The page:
Childhood & Early Life
Born on May 21, 1895, in Jiquilpan, Michoacán, Lázaro Cárdenas was one of the eight children of Dámaso Cárdenas Pinedo and Félicitasdel Río Amezcua. His father ran a billiard hall. When he was 16 years old, his father passed away, and he subsequently had to take care of their lower-middle-class family.
By the time he turned 18, he had held jobs as a tax collector, a printer's devil, and a jail keeper. Despite having dropped out of school as a young boy, he continued to pursue knowledge throughout the remainder of his life.
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Career in the Military
Initially, Lázaro Cárdenas wanted to be a teacher, but after the Mexican Revolution broke out in February 1913, he became part of a branch of the revolutionary army that had General Guillermo García Aragón at its helm.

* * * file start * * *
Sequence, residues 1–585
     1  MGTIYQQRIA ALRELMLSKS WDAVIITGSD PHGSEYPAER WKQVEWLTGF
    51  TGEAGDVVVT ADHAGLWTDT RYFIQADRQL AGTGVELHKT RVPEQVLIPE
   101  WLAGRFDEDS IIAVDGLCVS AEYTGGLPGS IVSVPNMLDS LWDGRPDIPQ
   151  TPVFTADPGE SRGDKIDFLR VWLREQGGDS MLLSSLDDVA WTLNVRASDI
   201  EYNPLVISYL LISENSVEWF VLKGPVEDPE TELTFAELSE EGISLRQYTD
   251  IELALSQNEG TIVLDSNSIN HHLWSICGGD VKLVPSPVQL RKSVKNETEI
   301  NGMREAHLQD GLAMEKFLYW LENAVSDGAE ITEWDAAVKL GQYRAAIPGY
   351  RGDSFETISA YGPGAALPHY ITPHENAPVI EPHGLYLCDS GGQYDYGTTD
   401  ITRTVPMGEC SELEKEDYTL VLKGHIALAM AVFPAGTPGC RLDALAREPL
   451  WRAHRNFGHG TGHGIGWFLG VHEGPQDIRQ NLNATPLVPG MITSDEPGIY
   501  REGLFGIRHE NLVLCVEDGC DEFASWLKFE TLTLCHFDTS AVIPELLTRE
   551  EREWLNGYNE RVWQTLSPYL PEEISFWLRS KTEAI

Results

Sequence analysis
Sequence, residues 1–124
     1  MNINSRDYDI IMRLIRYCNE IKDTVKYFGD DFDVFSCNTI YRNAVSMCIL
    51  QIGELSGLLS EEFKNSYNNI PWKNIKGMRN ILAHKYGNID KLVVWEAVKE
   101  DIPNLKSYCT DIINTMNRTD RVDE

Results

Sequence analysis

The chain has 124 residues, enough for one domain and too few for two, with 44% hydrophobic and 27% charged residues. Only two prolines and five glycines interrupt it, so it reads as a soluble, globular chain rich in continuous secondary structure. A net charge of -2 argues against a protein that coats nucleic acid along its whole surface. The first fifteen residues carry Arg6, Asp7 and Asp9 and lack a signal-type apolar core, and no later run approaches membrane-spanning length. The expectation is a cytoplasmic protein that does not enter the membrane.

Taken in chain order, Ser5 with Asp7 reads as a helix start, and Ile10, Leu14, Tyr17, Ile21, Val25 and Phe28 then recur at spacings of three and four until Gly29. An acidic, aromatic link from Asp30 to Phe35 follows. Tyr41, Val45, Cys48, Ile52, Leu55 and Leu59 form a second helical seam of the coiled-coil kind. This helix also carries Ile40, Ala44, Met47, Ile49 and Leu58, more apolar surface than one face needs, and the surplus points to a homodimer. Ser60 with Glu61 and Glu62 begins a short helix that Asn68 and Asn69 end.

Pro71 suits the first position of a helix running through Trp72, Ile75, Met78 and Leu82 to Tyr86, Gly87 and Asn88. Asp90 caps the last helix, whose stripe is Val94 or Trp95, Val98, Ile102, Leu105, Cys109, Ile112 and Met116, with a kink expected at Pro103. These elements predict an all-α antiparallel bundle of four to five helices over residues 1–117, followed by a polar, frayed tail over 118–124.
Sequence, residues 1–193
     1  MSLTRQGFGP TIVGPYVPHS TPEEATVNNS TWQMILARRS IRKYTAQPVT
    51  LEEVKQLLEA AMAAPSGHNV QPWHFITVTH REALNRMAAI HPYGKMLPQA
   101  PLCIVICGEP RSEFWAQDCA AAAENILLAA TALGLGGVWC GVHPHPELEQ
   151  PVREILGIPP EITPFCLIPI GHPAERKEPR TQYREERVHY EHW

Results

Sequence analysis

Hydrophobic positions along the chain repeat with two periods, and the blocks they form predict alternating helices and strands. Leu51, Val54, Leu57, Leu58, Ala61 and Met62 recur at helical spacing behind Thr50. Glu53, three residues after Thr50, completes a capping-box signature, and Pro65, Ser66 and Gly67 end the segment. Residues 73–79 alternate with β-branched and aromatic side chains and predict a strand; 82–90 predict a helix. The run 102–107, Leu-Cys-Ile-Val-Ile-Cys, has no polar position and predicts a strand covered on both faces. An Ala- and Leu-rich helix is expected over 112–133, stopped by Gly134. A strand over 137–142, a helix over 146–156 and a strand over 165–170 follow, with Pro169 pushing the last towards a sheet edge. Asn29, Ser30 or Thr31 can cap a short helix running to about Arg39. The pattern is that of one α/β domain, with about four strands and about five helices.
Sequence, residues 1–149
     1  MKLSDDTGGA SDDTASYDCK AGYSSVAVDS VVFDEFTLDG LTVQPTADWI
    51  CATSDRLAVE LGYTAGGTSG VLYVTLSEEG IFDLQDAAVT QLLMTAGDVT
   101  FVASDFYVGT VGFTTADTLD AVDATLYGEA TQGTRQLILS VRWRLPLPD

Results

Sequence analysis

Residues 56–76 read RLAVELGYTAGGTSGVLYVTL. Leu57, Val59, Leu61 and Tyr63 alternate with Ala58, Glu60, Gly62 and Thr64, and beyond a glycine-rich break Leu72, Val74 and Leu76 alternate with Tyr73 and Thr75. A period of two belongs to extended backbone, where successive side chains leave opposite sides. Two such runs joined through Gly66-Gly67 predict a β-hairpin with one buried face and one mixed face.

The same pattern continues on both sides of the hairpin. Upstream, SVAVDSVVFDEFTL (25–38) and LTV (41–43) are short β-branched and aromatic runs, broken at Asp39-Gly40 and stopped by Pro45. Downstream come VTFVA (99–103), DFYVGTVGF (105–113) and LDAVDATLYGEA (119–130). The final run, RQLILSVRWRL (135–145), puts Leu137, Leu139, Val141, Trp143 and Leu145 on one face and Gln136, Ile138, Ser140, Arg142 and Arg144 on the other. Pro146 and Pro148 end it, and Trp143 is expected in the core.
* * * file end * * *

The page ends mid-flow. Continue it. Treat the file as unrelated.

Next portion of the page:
He progressed through the ranks to become a captain in 1914. After the revolutionary forces became divided into opposing sides, his loyalty towards Venustiano Carranza, the original leader of the revolution, persisted.
It was Carranza’s forces that ultimately emerged victorious from the revolution in 1920. In the same year, Cárdenas was made a general in the Mexican Army, and he continued serving in the military until 1929.
Career in the Politics
As with most of the revolutionary military leaders, General Lázaro Cárdenas joined politics. In 1928, he became the governor of his native state of Michoacán, holding the office for a full term, until 1932. He was instrumental in the creation of a nationwide party to strengthen the revolutionary regime.